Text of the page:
Jury experts are warning both sides in the Kwame Kilpatrick trial to be wary of a potential legal land mine: stealth jurors.
Experts say that though some prospective jurors in high-profile cases might lie to get rejected, others might lie to get accepted -- either because they have an ax to grind with the accused or the government or they want their 15 minutes of fame.
Jury selection officially starts today in U.S. District Court in Detroit in the public corruption trial of the ex-Detroit mayor and three others.
"On a case like this -- it has affected enough people that it's smart to be on the lookout (for stealth jurors)," said California jury consultant Richard Matthews, who has consulted on numerous high-profile cases, including O.J. Simpson's murder trial.
Research by DecisionQuest shows roughly 17% of prospective jurors nationwide historically qualify as interested in being stealth jurors.
Matthews said he believes the risk of seating a juror with an agenda is relatively low in most cases.
"But when you're talking about public corruption trials, maybe the risk of that goes up a bit. I think you need to be aware of it, and you need to sniff it out," he said, noting runaway jurors can be problematic, "especially in a trial with great local interest where a defendant allegedly has harmed a lot of people."
Kilpatrick has argued he can't get a fair trial in Detroit, saying the region is too emotionally charged and biased against him.
"I'd be better off if you just take me down and hang me from that fist downtown," he said at a news conference last month.
Hidden bias tricky
Starting at 9 a.m. today, attorneys on both sides and U.S. District Judge Nancy Edmunds will begin questioning the first batch of 30 prospective jurors to see how much they know about the case and uncover any potential biases.
The lawyers have a pool of more than 200 people to pick from. The goal is to whittle it to 66 and then pick the final 12 jurors and six alternates from that pool.
The final panel will decide the fate of Kilpatrick; his father, Bernard Kilpatrick; his longtime contractor friend Bobby Ferguson, and ex-Detroit water boss Victor Mercado. The defendants are charged with running a criminal enterprise through the mayor's office to enrich themselves by rigging water contracts and extorting city contractors.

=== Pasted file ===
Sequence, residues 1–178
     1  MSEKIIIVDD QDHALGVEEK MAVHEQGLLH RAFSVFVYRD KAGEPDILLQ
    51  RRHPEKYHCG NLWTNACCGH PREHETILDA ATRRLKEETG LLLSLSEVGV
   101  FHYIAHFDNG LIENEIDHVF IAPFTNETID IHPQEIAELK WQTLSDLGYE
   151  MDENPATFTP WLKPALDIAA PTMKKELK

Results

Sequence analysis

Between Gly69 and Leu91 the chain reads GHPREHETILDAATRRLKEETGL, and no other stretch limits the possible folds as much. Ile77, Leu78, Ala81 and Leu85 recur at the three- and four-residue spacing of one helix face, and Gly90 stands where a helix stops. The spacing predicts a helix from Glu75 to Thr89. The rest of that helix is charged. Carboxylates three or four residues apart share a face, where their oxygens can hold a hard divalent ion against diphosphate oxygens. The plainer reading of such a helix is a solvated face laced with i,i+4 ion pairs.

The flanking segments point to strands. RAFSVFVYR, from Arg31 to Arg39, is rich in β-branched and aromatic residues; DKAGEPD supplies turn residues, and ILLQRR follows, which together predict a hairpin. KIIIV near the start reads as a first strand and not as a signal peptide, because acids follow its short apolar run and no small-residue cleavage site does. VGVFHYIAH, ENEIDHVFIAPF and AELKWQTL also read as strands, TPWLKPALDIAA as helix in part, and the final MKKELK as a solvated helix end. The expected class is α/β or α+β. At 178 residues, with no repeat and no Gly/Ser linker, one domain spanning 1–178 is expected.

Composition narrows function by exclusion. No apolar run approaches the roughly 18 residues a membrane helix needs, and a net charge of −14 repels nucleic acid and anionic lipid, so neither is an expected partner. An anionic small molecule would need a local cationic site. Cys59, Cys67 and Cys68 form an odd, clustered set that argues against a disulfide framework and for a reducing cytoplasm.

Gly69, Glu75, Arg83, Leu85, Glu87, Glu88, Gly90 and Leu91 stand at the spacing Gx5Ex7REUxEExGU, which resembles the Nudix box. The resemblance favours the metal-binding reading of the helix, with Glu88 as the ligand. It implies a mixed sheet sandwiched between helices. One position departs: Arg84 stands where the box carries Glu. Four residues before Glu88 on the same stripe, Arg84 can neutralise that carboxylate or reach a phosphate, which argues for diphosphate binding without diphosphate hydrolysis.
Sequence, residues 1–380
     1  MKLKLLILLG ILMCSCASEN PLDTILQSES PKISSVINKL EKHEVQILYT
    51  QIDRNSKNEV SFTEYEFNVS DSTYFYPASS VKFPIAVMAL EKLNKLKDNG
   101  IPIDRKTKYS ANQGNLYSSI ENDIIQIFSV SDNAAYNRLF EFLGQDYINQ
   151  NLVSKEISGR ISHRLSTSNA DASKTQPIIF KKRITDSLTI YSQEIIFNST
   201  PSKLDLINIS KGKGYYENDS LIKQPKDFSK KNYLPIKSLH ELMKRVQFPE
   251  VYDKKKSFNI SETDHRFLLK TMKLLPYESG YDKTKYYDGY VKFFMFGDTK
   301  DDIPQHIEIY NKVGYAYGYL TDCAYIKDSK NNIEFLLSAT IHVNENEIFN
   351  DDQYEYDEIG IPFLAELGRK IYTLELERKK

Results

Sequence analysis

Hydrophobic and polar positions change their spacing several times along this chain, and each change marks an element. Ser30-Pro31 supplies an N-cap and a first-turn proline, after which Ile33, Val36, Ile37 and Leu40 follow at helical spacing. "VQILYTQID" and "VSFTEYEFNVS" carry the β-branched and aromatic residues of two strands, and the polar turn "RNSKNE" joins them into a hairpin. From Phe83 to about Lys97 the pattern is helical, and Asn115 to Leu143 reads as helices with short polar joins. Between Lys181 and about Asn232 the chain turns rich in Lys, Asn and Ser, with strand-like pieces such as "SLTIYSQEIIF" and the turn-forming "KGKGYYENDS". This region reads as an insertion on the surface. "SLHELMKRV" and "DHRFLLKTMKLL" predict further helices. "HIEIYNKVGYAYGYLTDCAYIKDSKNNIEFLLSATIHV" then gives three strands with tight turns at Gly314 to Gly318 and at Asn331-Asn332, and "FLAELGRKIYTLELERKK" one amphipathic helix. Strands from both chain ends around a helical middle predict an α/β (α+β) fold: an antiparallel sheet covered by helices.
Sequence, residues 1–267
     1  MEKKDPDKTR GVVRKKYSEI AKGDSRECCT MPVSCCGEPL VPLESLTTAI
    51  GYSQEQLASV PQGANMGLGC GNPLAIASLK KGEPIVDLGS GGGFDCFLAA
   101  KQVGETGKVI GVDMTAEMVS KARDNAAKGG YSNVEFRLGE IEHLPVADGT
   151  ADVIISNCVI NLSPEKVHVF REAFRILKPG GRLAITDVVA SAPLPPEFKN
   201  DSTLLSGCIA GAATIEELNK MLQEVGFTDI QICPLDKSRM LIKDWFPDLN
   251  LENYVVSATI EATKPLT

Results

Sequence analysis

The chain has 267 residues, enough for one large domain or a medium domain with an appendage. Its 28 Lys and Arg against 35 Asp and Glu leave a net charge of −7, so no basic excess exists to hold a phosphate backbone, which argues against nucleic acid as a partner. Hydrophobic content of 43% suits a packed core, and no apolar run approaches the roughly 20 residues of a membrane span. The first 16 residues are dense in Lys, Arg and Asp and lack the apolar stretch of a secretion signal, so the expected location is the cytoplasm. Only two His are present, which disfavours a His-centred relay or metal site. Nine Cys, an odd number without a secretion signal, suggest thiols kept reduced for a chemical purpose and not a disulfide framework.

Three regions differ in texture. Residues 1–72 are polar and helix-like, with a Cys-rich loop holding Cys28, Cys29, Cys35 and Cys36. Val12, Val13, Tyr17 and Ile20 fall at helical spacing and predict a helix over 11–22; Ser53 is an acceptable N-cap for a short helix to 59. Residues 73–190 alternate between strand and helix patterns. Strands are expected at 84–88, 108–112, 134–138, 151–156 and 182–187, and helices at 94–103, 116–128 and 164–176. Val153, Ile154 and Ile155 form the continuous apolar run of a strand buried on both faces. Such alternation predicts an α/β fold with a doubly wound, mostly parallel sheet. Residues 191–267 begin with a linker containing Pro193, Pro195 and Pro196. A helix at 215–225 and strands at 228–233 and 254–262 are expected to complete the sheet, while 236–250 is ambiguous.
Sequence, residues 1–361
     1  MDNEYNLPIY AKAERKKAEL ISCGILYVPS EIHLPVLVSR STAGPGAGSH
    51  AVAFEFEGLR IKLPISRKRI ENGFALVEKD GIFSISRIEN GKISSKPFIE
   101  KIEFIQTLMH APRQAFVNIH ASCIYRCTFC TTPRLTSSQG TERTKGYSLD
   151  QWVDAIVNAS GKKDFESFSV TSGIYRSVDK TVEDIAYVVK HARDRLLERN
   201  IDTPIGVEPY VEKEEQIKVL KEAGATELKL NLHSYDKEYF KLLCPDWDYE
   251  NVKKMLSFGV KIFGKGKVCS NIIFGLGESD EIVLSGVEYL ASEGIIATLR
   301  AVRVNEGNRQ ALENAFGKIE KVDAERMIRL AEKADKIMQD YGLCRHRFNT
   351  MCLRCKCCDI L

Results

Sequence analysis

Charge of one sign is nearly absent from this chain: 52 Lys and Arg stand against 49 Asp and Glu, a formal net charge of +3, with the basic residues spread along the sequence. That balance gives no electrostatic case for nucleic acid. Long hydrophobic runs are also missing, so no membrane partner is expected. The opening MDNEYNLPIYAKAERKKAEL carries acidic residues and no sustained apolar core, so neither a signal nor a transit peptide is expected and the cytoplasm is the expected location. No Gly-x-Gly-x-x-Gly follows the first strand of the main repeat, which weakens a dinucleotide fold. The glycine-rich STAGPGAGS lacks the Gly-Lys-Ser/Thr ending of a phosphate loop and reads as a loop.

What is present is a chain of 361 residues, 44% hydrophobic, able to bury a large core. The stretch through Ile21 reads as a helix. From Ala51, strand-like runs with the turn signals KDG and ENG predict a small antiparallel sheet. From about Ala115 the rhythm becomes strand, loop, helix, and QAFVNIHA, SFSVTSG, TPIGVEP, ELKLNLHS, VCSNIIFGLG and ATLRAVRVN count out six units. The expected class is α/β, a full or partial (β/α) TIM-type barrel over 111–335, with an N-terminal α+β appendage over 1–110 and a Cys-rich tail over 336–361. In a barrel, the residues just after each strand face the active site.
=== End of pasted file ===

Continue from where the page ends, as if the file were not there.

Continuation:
All four men have denied the charges.
The prospective jurors already have filled out questionnaires, and their answers have cleared the initial bias hurdle with both sides.
Experts note that uncovering any hidden biases is the tricky part, and jurors with hidden agendas could sneak their way onto the panel.
"In this type of case, I would be very concerned about it. It's a high-profile case," said veteran jury consultant Jo-Ellan Dimitrius, who has consulted on such trials as those involving Simpson, Rodney King, Kobe Bryant, Scott Peterson and Jayson Williams.
In the last decade, stealth jurors have triggered controversy in several cases, including the securities fraud trial of Martha Stewart, the double murder trial of Peterson -- convicted of killing his wife, Laci Peterson, and their unborn child -- and a wrongful-death lawsuit against the tobacco industry in Florida.
No background checks
Jury experts say jury selection in Kilpatrick's trial could be even tougher because the judge has prohibited the lawyers from conducting any background checks on prospective jurors. Those tactics, they say, are commonly used by jury consultants and lawyers who want to make sure prospective jurors aren't hiding anything.
Edmunds, who is disclosing the jurors' names only to the lawyers, has blocked them from "conducting any type of surveillance, investigation, or monitoring (via the Internet or any other means) using that juror information."
Veteran jury consultant Philip Anthony said stealth jurors "continue to be a phenomenon in more well recognized trials."
In the Detroit public corruption trial, Anthony said the prosecution likely will want to seat jurors who indicate feelings of being betrayed or let down by the defendants. The defense, he said, "would likely do well focusing on jurors who feel capable of seeing the gray areas."